|Title of host publication||Encyclopedia of Educational Philosophy and Theory|
|Subtitle of host publication||Living Edition|
|Editors||Michael Peters, David Aldridge|
|Publication status||Published - 26 Aug 2019|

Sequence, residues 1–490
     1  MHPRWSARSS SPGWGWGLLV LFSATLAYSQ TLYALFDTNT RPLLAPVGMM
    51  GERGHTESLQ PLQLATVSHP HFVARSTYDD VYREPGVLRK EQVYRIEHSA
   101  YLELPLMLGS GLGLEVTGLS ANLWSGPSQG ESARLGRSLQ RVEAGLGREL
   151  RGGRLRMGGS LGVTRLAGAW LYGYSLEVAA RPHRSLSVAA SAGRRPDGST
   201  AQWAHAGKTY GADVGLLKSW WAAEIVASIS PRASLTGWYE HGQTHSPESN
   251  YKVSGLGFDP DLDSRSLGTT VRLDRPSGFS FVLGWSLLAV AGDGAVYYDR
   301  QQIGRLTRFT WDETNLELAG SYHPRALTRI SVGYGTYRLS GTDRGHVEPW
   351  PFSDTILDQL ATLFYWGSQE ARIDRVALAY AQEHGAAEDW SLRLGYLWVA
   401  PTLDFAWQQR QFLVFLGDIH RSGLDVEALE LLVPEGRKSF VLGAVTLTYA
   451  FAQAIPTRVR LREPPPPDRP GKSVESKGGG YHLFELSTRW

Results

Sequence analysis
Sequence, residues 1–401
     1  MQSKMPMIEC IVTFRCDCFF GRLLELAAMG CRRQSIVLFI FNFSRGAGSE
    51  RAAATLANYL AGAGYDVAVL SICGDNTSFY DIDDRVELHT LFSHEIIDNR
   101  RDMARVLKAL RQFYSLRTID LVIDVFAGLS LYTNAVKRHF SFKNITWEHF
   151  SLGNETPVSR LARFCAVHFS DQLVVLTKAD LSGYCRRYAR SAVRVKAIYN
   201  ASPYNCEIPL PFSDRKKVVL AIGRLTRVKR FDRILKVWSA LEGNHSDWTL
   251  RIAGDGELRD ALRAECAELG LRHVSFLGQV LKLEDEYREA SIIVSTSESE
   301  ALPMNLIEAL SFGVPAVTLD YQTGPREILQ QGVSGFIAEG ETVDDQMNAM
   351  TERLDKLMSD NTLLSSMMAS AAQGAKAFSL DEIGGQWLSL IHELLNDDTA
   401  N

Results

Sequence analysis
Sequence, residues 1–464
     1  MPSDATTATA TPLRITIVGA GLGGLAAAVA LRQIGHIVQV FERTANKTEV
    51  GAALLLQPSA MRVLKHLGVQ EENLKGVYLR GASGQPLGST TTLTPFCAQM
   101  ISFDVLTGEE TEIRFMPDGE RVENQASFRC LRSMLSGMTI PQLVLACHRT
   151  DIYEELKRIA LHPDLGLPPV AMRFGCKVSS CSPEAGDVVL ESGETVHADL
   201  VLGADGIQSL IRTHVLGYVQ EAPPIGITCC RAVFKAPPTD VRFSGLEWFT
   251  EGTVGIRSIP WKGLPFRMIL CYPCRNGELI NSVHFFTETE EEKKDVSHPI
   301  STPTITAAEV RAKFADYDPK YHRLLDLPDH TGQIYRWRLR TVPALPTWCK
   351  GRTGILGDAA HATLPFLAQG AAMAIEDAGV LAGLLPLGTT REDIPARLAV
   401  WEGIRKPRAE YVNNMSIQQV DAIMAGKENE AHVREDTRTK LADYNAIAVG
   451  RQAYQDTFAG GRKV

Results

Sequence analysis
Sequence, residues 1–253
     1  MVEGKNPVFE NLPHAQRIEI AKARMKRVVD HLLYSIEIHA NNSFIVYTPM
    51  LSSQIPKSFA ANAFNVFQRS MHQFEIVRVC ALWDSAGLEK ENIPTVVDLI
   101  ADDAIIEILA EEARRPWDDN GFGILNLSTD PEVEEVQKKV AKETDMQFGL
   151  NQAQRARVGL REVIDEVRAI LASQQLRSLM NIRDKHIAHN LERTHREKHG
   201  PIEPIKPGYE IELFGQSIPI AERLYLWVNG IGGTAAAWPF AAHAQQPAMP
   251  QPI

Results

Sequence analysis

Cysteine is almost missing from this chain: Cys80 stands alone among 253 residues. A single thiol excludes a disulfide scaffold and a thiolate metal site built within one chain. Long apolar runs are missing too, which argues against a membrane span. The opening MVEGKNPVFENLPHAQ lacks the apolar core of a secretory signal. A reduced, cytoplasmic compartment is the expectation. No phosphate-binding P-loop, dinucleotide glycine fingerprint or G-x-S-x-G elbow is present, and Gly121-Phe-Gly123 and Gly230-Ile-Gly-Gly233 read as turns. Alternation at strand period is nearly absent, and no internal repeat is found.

This entry documents four different philosophies of discipline in education: a punishment philosophy, a rule driven philosophy, a motive-content philosophy and a personal-relational philosophy. In respect to each philosophy, discussion focusses on 1) what discipline is and 2) how its use in education might be justifiable. It is argued that there are at least three ways of justifying the use of discipline in formal educational contexts; when it is rules-based in a way that is morally educational, when it connects student interests and motives to the material to be learned and when it helps students to overcome the human tendency towards ego-centricity. It is also noted that behaviour management approaches problematically dominate disciplinary practices in many Western schools. As such, it is concluded that discipline in education might need to be done very differently in practice, if it is to be educationally justifiable in practice.